If you’ve ever found yourself feeling down after getting unnecessarily negative feedback, just remember they're most likely just upset that you’ve reminded them just how little they do.  How little they are.  How ridiculous they look.

If you’re about to post a nasty comment to make yourself feel better about what you’re not doing, realize that the only difference between a dream and a goal is a solid plan and the only difference between a goal and an achievement is solid effort...

...and the only thing holding you back is you.

A Couple of Videos from the 2018 Bay Area Maker Faire

Every time I go to the Bay Area Maker Faire, it seems like there's at least a few different times where someone sticks a camera and a microphone in front of me and asks what I'm doing there. This year was no exception. Here's a couple of videos that I've found so far.

For starters, Caleb Kraft from Make: was livestreaming a walking tour of the Faire. You can see it cued up to start with my segment here:

 


Then Norm and the guys from Tested.com stopped by to take a look at the newly-finished Fallout power armor:   

I'm sure there will be more as time goes by.  Not everyone gets their posts online in a timely manner like I do. 


Monday, May 28, 2018

2018 Bay Area Maker Faire

After a grueling couple of weeks trying to finish more projects than any sane person should ever try to fit into that time, everything was loaded into trucks and trailers and we left Petaluma, southbound for San Mateo and the 2018 Bay Area Maker Faire.

We arrived fairly late on setup day and immediately set about building the display booth:
Booth Building

As that was coming together, we were also installing ED-209 in his parking space for the weekend:
ED Assembly

Even after four years or so, he's still looking pretty good:
ED Looking Good


Freddy busied himself with building a frame to hang the Grey Knight Terminator costume on:
Grey Knight Stacking

While I climbed aloft to add a few more things to the top of the booth:
Sign Install

Before too long, the display racks were filled with all of the weapon props we brought:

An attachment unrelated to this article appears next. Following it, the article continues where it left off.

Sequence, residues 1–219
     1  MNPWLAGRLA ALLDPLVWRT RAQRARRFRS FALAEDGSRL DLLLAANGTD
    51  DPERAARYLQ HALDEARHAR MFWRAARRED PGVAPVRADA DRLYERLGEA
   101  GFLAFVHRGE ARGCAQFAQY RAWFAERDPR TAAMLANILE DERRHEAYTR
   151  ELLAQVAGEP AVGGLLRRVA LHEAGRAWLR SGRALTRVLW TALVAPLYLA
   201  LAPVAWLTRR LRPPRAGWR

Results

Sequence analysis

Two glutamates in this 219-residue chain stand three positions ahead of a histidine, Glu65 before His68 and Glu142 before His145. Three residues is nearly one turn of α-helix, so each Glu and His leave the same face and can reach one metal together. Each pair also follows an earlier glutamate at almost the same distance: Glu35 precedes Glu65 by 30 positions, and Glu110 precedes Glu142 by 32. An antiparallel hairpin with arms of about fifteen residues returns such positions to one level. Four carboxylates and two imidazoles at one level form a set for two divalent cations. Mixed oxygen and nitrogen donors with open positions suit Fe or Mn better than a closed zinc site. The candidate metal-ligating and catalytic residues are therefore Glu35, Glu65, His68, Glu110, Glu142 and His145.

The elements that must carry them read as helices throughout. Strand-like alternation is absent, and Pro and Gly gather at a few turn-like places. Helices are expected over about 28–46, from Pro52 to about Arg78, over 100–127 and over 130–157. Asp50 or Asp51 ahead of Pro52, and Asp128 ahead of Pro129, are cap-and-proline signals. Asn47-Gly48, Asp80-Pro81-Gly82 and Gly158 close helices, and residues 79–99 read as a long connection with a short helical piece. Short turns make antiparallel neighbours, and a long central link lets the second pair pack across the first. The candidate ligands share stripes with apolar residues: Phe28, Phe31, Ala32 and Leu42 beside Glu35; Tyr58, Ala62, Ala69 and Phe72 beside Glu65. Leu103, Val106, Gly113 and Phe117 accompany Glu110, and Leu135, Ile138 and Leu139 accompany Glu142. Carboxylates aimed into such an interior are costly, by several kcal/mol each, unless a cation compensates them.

Gun Rack

Gun Rack 2

The rusty steel T-60 was set up as a bust display:
T-60 Bust

So was my blue HALO Spartan armor from way back:
Display Corner

And "Big Sexy," my Dark Angels Space Marine Sergeant costume:
Big Sexy

Right in the middle of the display was a stack of my books available for sale:
Book Sales
You can get a copy here (LINK) if you haven't got it already.

With that, the whole display was together and ready to go:

20180519_095217

First visitors, the San Mateo Police Department:
SMPD Chainsword

SMPD Bolt Pistol

About that time, the whole crew was lined up and ready to go:
Part of the Crew

The floodgates opened, attendees poured in, and for the rest of the weekend, my view looked about like so:
Crowd at the Booth

Folks stopped by to get signed copies of my book, other makers came to ask how to make the things we make, and countless small children and adults alike queued up to try on helmets and pose for pictures.  It was an all-around success.  Mostly it looked like this:
20180519_163145

At some point we got a couple of my Warhammer costumes dressed and walking around:
40k Portrait

We also got Freddy into his T-60 Power Armor:
Rigging Freddy into T-60

It came out pretty good:
Two Big New Things

The Grey Knight, sadly, spent the weekend in statue mode:
Grey Knight Full-Length

But he still looked pretty good:
Grey Knight Angry

The same goes for my rusty, bare steel T-60:
T-60 Hero Shot

T-60 Texture

But while I was stationed in the booth and my crew answered questions, a few of my costumes managed to get out and about.  First was Thor, the Goddess of Thunder, worn by the lovely Lady Shawnon:
Thor at the Maker Faire

Thor on Dragon Bike

Goddess of Thunder

Thor in Gloom

Thor vs. Balloon Cthulhu

Thor and Fans

Then one of my First Order TIE Fighter Pilots did the rounds worn by my cousin Drake.  Here he is driving a giant cupcake:
FOTI Driving Cupcake 1

And holding his own in a dance-off:
FOTI Dance-Off

Before shooting down some very threatening bubbles:
FOTI Bubble Attack

He made it a point to drive everything he could get his hands on:
TIE Pilot on Bike Contraption

FOTI Train Engineer

FOTI Solar Car

FOTI and DeLorean Hovercraft

FOTI and Dragon Bike

And met a few fans along the way:
FOTI Hug

FOTI and Wee Trooper

He looked like he was having a good time, but somehow he still failed to trigger the Smile Detector:
FOTI Smile Detector 2

Finally, we got Madison, one of my newer crewmembers, into the Lady Shawnon's Bo Katan costume so she could get out and see the Faire in character. First she found some other Star Wars nerds:
Madi and Jawa

Land Speeder Commandeer

Then she found all kinds of other interesting things out and about:
Make: Bo Katan

Madi and Baymax

Sweeping Mando

Somewhere along the way, the Freddy donned his T-60 and Rachel put on her vault suit so they could wander a bit:
Wasteland Walk

T-60 Fist Bump

Jailed Power Armor

So taken for all in all, this year's Maker Faire was a success and we can look forward to doing it all again next year.
Booth Crew

Stay tuned...